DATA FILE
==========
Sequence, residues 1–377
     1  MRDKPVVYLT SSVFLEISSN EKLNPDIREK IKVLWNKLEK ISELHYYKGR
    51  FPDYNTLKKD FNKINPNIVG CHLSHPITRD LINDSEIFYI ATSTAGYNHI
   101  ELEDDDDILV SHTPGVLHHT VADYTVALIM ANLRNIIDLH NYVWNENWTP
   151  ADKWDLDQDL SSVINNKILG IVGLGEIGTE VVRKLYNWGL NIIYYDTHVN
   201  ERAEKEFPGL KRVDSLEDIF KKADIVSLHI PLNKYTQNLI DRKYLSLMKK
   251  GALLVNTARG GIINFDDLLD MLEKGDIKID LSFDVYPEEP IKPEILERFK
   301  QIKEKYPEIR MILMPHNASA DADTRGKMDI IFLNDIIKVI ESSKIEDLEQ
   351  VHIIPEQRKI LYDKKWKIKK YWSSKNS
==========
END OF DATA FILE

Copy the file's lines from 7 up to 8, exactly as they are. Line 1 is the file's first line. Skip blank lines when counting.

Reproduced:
   251  GALLVNTARG GIINFDDLLD MLEKGDIKID LSFDVYPEEP IKPEILERFK
   301  QIKEKYPEIR MILMPHNASA DADTRGKMDI IFLNDIIKVI ESSKIEDLEQ